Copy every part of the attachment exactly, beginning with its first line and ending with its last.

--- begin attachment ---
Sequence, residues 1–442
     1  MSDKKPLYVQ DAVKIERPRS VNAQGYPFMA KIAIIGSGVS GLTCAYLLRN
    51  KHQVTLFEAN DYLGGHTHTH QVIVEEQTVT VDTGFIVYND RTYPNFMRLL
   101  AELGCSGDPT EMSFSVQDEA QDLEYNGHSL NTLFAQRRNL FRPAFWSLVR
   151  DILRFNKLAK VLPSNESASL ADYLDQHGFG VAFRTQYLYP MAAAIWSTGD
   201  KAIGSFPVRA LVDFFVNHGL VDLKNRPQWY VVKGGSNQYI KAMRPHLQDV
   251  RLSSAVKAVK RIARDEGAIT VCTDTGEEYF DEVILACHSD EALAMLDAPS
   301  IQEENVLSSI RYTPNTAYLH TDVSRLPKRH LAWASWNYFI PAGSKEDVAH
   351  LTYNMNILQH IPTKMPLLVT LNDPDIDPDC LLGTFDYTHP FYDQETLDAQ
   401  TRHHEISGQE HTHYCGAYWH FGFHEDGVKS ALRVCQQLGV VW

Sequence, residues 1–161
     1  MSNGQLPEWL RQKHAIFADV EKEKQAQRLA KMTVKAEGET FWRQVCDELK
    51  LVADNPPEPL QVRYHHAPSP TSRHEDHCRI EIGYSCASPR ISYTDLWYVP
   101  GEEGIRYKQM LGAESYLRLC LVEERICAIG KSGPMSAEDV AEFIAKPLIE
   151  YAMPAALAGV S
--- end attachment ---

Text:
Sequence, residues 1–442
     1  MSDKKPLYVQ DAVKIERPRS VNAQGYPFMA KIAIIGSGVS GLTCAYLLRN
    51  KHQVTLFEAN DYLGGHTHTH QVIVEEQTVT VDTGFIVYND RTYPNFMRLL
   101  AELGCSGDPT EMSFSVQDEA QDLEYNGHSL NTLFAQRRNL FRPAFWSLVR
   151  DILRFNKLAK VLPSNESASL ADYLDQHGFG VAFRTQYLYP MAAAIWSTGD
   201  KAIGSFPVRA LVDFFVNHGL VDLKNRPQWY VVKGGSNQYI KAMRPHLQDV
   251  RLSSAVKAVK RIARDEGAIT VCTDTGEEYF DEVILACHSD EALAMLDAPS
   301  IQEENVLSSI RYTPNTAYLH TDVSRLPKRH LAWASWNYFI PAGSKEDVAH
   351  LTYNMNILQH IPTKMPLLVT LNDPDIDPDC LLGTFDYTHP FYDQETLDAQ
   401  TRHHEISGQE HTHYCGAYWH FGFHEDGVKS ALRVCQQLGV VW

Sequence, residues 1–161
     1  MSNGQLPEWL RQKHAIFADV EKEKQAQRLA KMTVKAEGET FWRQVCDELK
    51  LVADNPPEPL QVRYHHAPSP TSRHEDHCRI EIGYSCASPR ISYTDLWYVP
   101  GEEGIRYKQM LGAESYLRLC LVEERICAIG KSGPMSAEDV AEFIAKPLIE
   151  YAMPAALAGV S